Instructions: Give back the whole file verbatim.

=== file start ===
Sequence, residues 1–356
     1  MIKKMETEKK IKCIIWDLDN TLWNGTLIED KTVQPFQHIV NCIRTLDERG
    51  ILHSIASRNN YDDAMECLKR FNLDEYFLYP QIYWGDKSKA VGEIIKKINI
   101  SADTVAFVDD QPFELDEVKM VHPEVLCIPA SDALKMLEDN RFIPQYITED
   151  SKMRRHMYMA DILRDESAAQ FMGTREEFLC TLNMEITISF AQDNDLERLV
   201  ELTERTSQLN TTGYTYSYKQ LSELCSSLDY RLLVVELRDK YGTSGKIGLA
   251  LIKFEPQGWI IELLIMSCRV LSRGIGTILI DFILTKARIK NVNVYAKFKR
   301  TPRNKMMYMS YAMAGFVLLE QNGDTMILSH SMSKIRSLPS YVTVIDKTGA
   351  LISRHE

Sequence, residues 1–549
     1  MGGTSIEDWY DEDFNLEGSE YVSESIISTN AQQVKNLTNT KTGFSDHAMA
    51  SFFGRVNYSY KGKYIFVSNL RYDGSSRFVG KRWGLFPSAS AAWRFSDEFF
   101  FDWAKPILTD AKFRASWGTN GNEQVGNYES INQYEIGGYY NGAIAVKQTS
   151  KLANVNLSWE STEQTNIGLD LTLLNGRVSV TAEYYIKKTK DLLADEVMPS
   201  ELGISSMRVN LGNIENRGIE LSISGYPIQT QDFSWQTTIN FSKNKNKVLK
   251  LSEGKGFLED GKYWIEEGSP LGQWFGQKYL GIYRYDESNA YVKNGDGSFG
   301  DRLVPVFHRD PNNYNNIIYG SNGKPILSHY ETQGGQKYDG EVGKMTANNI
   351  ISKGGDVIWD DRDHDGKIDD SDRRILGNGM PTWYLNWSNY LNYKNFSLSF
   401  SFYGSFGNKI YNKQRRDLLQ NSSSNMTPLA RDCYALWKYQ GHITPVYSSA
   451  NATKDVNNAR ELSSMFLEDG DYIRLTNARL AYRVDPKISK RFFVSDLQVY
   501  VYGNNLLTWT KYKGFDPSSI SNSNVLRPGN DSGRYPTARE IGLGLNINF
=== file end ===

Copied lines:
Sequence, residues 1–356
     1  MIKKMETEKK IKCIIWDLDN TLWNGTLIED KTVQPFQHIV NCIRTLDERG
    51  ILHSIASRNN YDDAMECLKR FNLDEYFLYP QIYWGDKSKA VGEIIKKINI
   101  SADTVAFVDD QPFELDEVKM VHPEVLCIPA SDALKMLEDN RFIPQYITED
   151  SKMRRHMYMA DILRDESAAQ FMGTREEFLC TLNMEITISF AQDNDLERLV
   201  ELTERTSQLN TTGYTYSYKQ LSELCSSLDY RLLVVELRDK YGTSGKIGLA
   251  LIKFEPQGWI IELLIMSCRV LSRGIGTILI DFILTKARIK NVNVYAKFKR
   301  TPRNKMMYMS YAMAGFVLLE QNGDTMILSH SMSKIRSLPS YVTVIDKTGA
   351  LISRHE

Sequence, residues 1–549
     1  MGGTSIEDWY DEDFNLEGSE YVSESIISTN AQQVKNLTNT KTGFSDHAMA
    51  SFFGRVNYSY KGKYIFVSNL RYDGSSRFVG KRWGLFPSAS AAWRFSDEFF
   101  FDWAKPILTD AKFRASWGTN GNEQVGNYES INQYEIGGYY NGAIAVKQTS
   151  KLANVNLSWE STEQTNIGLD LTLLNGRVSV TAEYYIKKTK DLLADEVMPS
   201  ELGISSMRVN LGNIENRGIE LSISGYPIQT QDFSWQTTIN FSKNKNKVLK
   251  LSEGKGFLED GKYWIEEGSP LGQWFGQKYL GIYRYDESNA YVKNGDGSFG
   301  DRLVPVFHRD PNNYNNIIYG SNGKPILSHY ETQGGQKYDG EVGKMTANNI
   351  ISKGGDVIWD DRDHDGKIDD SDRRILGNGM PTWYLNWSNY LNYKNFSLSF
   401  SFYGSFGNKI YNKQRRDLLQ NSSSNMTPLA RDCYALWKYQ GHITPVYSSA
   451  NATKDVNNAR ELSSMFLEDG DYIRLTNARL AYRVDPKISK RFFVSDLQVY
   501  VYGNNLLTWT KYKGFDPSSI SNSNVLRPGN DSGRYPTARE IGLGLNINF